digital Programme

10 - 12 NOVEMBER, 2020 

Three tracks! During the Health~Holland Visitors Programme special attention will be given to 3 tracks in which the Netherlands plays a pivotal international role.

Healthy ageing & Senior care

A growing burden and need for smart solutions

The proportion of the population living in old age continues to grow at an unprecedented rate. Soon, the global population of people over the age of 65 will exceed the proportion of the population under the age of 18. Health and social systems around the world are being stressed. Living more years in good health benefits people, health systems and economies. And once there is a need for care, due to chronic and/or ageing-associated diseases, there should be the ambition to provide the highest quality of care in the most resource-efficient way.


Adding 5 more healthy years

The Netherlands has been long known for its research and innovation in Healthy Ageing, long-term and senior care models and related smart solutions. A central mission of The Netherlands is to create 5 additional healthy life years by 2040 and decrease disparity between people from lower compared to higher social economic classes. How can we better understand and promote healthy ageing, and lessen the impact of chronic, lifestyle and ageing-associated diseases? How can we help the senior population live worthy lives, preferably in independence and at home, for as long as possible, while also unburdening the healthcare workforce? And which approaches and solutions have proven their worth during corona?


What to expect?

In this theme, you will be exposed to the Dutch policy, approach and innovations in fields of healthy ageing and senior care, and related lessons learned from Covid-19 on the future of healthy ageing and senior care.

Digital transformations: Smart systems & hospitals

Data & technology for improved efficiency & quality

In The Netherlands, 1 in 7 people work in the healthcare field. If the growth of healthcare demand continues to increase at its current rate, 1 in 4 people in The Netherlands will need to work in this field to meet this demand, which is an undesirable and unrealistic scenario. The smart and efficient implementation of digital solutions often result in unburdening the healthcare professional while improving the quality of care and the quality of life of patients and citizens. The enabling function of data and digital technology in the field of health is promising and widely acknowledge around the world. From prevention and monitoring to diagnosis and treatment. However, digital transformations require investments and new ways of working.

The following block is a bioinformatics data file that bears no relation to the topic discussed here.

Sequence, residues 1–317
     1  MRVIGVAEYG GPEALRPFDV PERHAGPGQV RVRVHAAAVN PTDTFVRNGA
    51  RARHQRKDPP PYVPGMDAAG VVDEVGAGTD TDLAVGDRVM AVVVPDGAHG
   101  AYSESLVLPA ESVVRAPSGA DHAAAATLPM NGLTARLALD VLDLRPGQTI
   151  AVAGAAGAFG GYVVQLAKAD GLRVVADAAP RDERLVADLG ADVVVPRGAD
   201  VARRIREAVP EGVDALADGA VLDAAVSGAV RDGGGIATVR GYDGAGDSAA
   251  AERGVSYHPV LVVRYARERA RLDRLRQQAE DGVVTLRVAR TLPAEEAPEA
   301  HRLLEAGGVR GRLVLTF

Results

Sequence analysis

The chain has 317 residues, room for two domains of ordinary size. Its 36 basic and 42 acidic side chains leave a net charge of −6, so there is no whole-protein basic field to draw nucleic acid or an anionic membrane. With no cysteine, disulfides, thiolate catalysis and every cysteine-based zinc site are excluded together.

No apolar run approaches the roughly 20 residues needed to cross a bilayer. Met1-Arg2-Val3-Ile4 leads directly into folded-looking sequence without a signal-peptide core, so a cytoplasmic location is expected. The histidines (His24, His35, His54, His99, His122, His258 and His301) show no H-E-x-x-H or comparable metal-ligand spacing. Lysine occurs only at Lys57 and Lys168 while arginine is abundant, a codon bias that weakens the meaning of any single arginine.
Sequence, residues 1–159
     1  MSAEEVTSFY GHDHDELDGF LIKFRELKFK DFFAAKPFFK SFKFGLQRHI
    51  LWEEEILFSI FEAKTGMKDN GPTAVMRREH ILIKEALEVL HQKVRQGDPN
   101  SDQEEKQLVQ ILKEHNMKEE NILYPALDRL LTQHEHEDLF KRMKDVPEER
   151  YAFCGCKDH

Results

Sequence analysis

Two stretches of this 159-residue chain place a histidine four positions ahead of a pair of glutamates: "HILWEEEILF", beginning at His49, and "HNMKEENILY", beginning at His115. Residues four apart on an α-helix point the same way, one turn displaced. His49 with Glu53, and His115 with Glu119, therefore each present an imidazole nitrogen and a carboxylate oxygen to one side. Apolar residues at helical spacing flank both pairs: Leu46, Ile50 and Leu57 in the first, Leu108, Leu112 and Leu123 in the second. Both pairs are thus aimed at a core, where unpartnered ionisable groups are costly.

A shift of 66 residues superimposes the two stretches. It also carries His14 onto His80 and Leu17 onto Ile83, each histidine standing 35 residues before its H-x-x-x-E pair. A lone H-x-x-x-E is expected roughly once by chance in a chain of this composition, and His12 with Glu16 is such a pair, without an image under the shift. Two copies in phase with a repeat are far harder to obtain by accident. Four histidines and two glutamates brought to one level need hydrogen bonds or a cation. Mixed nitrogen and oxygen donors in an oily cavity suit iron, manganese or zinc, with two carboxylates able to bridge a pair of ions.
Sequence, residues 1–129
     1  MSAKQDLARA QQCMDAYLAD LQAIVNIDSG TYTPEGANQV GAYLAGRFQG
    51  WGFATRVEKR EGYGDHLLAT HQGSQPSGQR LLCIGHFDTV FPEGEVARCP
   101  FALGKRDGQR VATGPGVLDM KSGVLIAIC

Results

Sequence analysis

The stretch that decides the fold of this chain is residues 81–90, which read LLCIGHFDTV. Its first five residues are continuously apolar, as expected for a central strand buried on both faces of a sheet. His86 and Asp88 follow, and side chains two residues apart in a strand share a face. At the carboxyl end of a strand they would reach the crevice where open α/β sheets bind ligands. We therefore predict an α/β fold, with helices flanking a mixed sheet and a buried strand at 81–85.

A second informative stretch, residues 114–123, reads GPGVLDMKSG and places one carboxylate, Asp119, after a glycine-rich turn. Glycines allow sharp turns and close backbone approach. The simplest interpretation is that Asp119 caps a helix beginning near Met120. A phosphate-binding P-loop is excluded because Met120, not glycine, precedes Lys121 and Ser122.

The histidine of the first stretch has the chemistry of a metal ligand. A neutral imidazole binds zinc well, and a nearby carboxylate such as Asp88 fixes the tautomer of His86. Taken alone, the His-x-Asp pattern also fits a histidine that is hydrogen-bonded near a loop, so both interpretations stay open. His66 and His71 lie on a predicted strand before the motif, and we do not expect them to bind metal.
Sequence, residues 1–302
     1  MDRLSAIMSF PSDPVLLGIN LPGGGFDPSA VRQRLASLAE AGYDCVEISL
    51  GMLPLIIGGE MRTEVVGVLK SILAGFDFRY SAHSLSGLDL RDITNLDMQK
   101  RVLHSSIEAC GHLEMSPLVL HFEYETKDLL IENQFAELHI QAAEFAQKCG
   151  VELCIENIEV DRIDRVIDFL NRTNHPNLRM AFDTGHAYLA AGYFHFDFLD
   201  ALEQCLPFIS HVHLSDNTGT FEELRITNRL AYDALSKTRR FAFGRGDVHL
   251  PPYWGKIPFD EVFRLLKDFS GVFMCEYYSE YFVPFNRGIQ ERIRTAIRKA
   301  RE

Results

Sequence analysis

Acceleration of the digital revolution 

The Netherlands has been on the forefront of the digital healthcare revolution, with a strong focus on connecting data, systems, information and persons in a convenient, safe and secure way. And Artificial Intelligence to support detection, diagnosis and decision-making. Corona stressed the importance of data, proved the value of digital solutions and helped to accelerated the adoption of smart solutions.


What to expect?

In this theme, you will be exposed to the Dutch policy, approach and innovations in fields of digital health and the related impact of Covid-19 on the digital transformation of health systems.

Network care: The right care at the right place & time

Importance of cooperation between health providers

Network care aims to improve the accessibility, quality and efficiency of care and to increase patient satisfaction by increasing the cooperation between the various care providers. In The Netherlands, hospitals and care institutions are encouraged to specialize and work together throughout the patient care pathway. And people with long-term care needs are encouraged to live longer at home.


Stimulating cooperation while driven efficiency through competition

The Dutch healthcare system is normally one of regulated competition. However, during the Covid-19 crisis, this competition made way for cooperation. Hospitals in areas with a high burden of COVID-19 cases were supported by hospitals in areas with a lower burden. This adaptability and sense of collaboration was also witnessed between health insurers. Currently, we are seeing a transition back towards regulated competition. How will this regulated competition affect the provision of network and collaborative care in The Netherlands? And what effect will network care have on the financing of care provision?  What are the takeaway lessons that can be shared with others that want to transition towards network care and stimulate cooperation between care providers?


What to expect?

In this theme, you will be exposed to the Dutch policy, approach and innovations in fields of network care and the related impact of Covid-19 on cooperating for health.


About the organizer

Task Force Health Care (TFHC) has been representing the Dutch Life Sciences & Health sector since 1996. The public-private, not-for-profit platform consist of partners from industry, knowledge institutes, NGOs, healthcare providers and the government, all active in the Dutch Life Sciences & Health sector. These partners provide innovative and sustainable solutions to global (and local) healthcare challenges and are active all over the world. In the last decade we                                                                                                                                                                                                               visited and maintained relationships with more than 30 countries! Read more...